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Nyman Gibson Miralis | 14.08.2015
TOPIC: Cost Applications
Keywords: Reimbursement, Not guilty, Costs Awarded
If you are found not guilty in a summary hearing (i.e. a hearing in the Local Court) there are two types of costs applications that can be made:
- Costs under the Criminal Procedure Act
- Costs under the Costs in Criminal Cases Act
Costs under the Criminal Procedure Act (‘CPA’)
To be granted costs through the Criminal Procedure Act following a dismissal of charges in a summary hearing, you must satisfy one or more of the following criteria:
- That the investigation into the alleged offence was conducted in an unreasonable or improper manner,
- That the proceedings were initiated without reasonable cause or in bad faith or were conducted by the prosecutor in an improper manner,
- That the prosecutor unreasonably failed to investigate (or to investigate properly) any relevant matter of which it was aware or ought reasonably to have been aware and which suggested either that the accused person might not be guilty or that, for any other reason, the proceedings should not have been brought,
- That, because of other exceptional circumstances relating to the conduct of the proceedings by the prosecutor, it is just and reasonable to award professional costs.
The above comes from section 214 of the Criminal Procedure Act 1986 (NSW).
In the event that you intend to make a costs application, it is imperative that during the course of a hearing, the Court hears evidence, not only disprove the charges in order to have them dismissed, but to ensure that the Court hears evidence that is capable of substantiating one of the criteria above.
Whilst you may feel aggrieved that you were charged with an offence you did not commit, the Court may not grant you costs simply because of that sense if injustice. It is a purely legal question with a high threshold. For example, whilst a case may be weak that will usually be insufficient. The case of Canceri v Taylor (1994) 123 ALR 667 is of primary importance when assessing whether a case was so weak (or lacking reasonable and probable cause) that costs ought to be ordered.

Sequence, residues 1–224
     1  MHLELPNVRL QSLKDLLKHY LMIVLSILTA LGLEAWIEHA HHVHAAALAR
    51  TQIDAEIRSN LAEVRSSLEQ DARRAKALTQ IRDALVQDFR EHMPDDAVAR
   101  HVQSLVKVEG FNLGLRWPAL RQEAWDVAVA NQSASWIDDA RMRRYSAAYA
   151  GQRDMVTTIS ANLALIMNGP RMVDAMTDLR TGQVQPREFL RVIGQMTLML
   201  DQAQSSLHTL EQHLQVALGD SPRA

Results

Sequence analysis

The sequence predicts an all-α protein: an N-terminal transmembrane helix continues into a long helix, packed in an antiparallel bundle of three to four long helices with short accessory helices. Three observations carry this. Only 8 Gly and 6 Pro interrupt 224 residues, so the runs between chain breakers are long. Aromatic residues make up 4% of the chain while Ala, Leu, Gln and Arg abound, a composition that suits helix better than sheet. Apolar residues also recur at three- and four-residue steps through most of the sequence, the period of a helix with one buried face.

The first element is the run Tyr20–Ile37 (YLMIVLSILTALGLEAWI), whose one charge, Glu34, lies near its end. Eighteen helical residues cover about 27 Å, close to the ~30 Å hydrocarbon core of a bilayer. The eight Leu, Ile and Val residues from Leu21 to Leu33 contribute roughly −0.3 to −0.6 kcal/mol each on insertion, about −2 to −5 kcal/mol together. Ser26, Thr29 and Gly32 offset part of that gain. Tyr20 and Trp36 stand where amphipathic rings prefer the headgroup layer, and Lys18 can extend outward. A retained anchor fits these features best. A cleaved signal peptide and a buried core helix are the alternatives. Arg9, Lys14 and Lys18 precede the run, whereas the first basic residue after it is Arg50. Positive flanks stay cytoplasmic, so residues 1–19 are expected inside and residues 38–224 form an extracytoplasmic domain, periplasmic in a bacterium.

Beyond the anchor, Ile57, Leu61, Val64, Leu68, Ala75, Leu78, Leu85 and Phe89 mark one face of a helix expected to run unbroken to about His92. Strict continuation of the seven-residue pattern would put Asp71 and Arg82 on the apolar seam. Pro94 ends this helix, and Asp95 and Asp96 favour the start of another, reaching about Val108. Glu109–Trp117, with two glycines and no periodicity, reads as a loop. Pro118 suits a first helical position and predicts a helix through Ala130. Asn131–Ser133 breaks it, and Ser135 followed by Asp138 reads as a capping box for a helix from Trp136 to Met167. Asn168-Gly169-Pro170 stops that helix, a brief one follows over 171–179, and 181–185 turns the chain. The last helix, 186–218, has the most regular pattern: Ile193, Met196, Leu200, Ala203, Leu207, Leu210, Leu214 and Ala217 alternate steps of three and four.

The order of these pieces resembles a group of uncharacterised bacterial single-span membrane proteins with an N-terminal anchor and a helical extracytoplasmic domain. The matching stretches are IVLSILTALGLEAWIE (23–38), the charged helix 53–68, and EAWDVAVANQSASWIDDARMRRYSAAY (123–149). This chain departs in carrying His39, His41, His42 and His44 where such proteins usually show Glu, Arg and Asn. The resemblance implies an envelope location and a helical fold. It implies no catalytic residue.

Costs in Criminal Cases Act (‘CCCA’)
Arguably, there is a lower watermark for an application under CCCA than for the CPA.
The test under the CCA is:
- If the prosecution had, before the proceedings were instituted, been in possession of evidence of all the relevant facts, it would not have been reasonable to institute the proceedings, and
- That any act or omission of the defendant that contributed, or might have contributed, to the institution or continuation of the proceedings was reasonable in the circumstances.
This has a lower watermark as ‘evidence of all the relevant facts’ includes any evidence that comes out during the course of a hearing. Therefore, whilst a case may appear strong ‘on paper’ if it becomes apparent during the course of the hearing that the said case diminishes in strength to the point where it would not have been reasonable to institute a prosecution, this is sufficient for an application to be granted under this provision. In short, it allows the court to retrospectively question, with the benefit of having heard the entirety of the evidence in Court, whether taking into account all of the evidence as it played out, it would have been reasonable to commence a prosecution – it is this proposition that was supported in the case of Allerton v DPP (1991) 24 NSWLR 550.
What is obvious from the above two summaries is that a large amount of preparation is required if you anticipate on winning and making an application for costs. In those circumstances, it is almost imperative that a defence solicitor is retained with a capability to understand how to elicit the evidence necessary to substantiate a costs application following a dismissal of the charges.
If you need advice from a criminal defence lawyer, contact one of our criminal law specialists immediately at either our Sydney or our Parramatta offices. We have particular experience in all types of criminal proceedings. Call 1800 NOT GUILTY or fill in our contact form and arrange a free conference with a solicitor today.